Being 45 storeys high, Keio Plaza Hotel Tokyo was the first skyscraper hotel in Japan with 1,437 rooms. Though the hotel is already 46 years old (it first opened on 5 June 1971), it is still excellently maintained and remain strongly relevant.
What we love about Keio Plaza Hotel Tokyo is the fact that it invites travellers to learn more about many aspects of Japanese culture and art. The following are what guests of the hotel must do when staying there:
1. Participate in Japanese Tea Ceremony
Keio Plaza Hotel Tokyo has a dedicated Tea Ceremony Room where staying and outside guests can witness how a proper Japanese tea ceremony is conducted by a tea master who started to practise this art since she was four years old and was taught by her mother who learned it from her grandmother. The tea master now has accumulated 35 years of experience in this art.
Price : ¥ 2,000 yen per person
2. Dress up in Wedding Kimonos
During weekdays, guests are recommended to experience wearing and taking photographs in marvellous wedding kimonos that make them look impressive and regal, which might be one of the highlights when staying at the hotel. Once donning the kimonos, guests are ushered to vantage spots within the hotel to take memorable photo shots.
Price : ¥ 32,400 yen per person and ¥ 54,000 yen per couple
3. Dine and chill out at the swanky Aurora Sky Lounge
Located on the 45th Floor across Keio Plaza Hotel Tokyo’s Premier Grand Club Lounge, this exclusive outlet proves popular for unwinding and entertaining. Besides alcoholic beverages, it also serves non-alcoholic options such as zesty mocktails and hot drinks. As a matter of fact, Aurora Sky Lounge is popular as the place to enjoy afternoon tea served on prestigious Arita porcelain from 2:00 p.m. until 5:00 p.m. Diners are bound to fall in love with the fantastic view of the Shinjuku skyline and beyond, stretching as far as the Tokyo Skytree and the Tokyo Tower.
Price : ¥ 4,300 yen per person
4. Embark on Japanese fine culinary journey by experiencing keiseki (Japanese traditional multi-course dinner)
Keiseki is meant to evoke diners’ multiple senses since it is not only enjoyed through smell and taste but also sight (via remarkable food presentation), and touch (referring to the food’s varied textures and layers). This exquisite Japanese cuisine served at Keio Plaza Hotel’s keiseki restaurant called Soujuan follows the menu according to the seasons and availability of ingredients.
5. Visit Mount Takao and savour the fantastic shojin-ryori for lunch at Yakuo-in Temple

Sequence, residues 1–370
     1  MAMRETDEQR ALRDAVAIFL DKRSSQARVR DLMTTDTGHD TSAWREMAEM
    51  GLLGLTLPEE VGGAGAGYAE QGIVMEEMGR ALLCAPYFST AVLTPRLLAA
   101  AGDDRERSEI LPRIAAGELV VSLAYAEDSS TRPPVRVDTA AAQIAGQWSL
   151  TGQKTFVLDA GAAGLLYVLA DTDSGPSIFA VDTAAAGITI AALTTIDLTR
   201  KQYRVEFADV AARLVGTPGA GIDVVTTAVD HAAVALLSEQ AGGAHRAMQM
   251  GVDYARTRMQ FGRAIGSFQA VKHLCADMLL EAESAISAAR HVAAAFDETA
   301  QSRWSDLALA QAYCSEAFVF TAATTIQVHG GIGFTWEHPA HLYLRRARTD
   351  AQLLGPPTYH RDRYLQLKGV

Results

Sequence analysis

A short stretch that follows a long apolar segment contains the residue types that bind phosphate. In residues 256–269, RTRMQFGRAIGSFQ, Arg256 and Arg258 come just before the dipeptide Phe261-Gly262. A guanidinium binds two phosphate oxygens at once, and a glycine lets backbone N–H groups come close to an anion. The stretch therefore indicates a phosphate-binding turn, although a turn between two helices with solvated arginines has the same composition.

To get to Mount Takao, travellers need to take the 20-minute train ride from Shinjuku station using the Keio Line to get to the end of the line called Takaosanguchi (‘Entranceway to Mount Takao’) station that was designed by one of Japan’s leading architects Kengo Kuma. Travellers should then ascend Mount Takao by taking the steepest funicular railway in Japan. Lovers of architecture are sure to fall in love with the Japanese Buddhist vernacular buildings erected within the grounds of Yakuo-in Temple that has been established since 744 A.D, besides the cutting edge train station. Mount Takao’s surroundings are also haven for nature and outdoor lovers. On the way down, travellers should descend using the chairlift, which offers unimpeded views of the area and Tokyo city beyond.
Buddhist vegetarian cuisine price: ¥ 2,800 yen per person
Website : http://takaosan.or.jp
6. Arrange a private sightseeing tour to Omiya Bonsai Art Museum in Saitama
Guests should visit this museum to learn about the history and art of bonsai cultivation, which is strongly rooted in Japanese culture. The trip to the museum is sure to open guests’ eyes towards the beauty of bonsai and the effort required to cultivate it. Afterwards, walk around the Omiya village to admire the bonsai plants grown in the residents’ front gardens, including bonsai nurseries, if they are open to public.
Website : http://www.bonsai-art-museum.jp
7. Visit the Itchiku Kubota Art Museum (itchiku-museum.com) at Kawaguchiko, and then appreciate the view of Mount Fuji
Located two hours’ bus ride away from the south exit of the Shinjuku station, this is the place where guests should go to admire the works of the pattern tie-dyeing art master Itchiku Kubota (1917-2003) that depict sceneries of Mount Fuji on enormous kimonos. Travellers are also able to admire the view of Mount Fuji from the museum’s own café, or from the lovingly quaint traditional farming and silk cocoon cultivation village comprising 20 thatched houses called Saiko Iyashino Sato Nenba (www.fujisan.ne.jp/iyashi/) that is now converted into museum.
From the tea ceremony to the painstakingly detailed and delicate craftsmanship exhibited at Keio Plaza Hotel Tokyo, guests are bound appreciate the beauty of Japanese culture that emphasises on orderliness and the need to provide meticulous care on everything through gentle, methodical and precise manner – staying at Keio Plaza Hotel Tokyo means guests are continuously surrounded by the beauty of Japanese culture all under one roof.
Keio Plaza Hotel Tokyo
T: +81 3 3344 0111
F: +81 3 3345 8269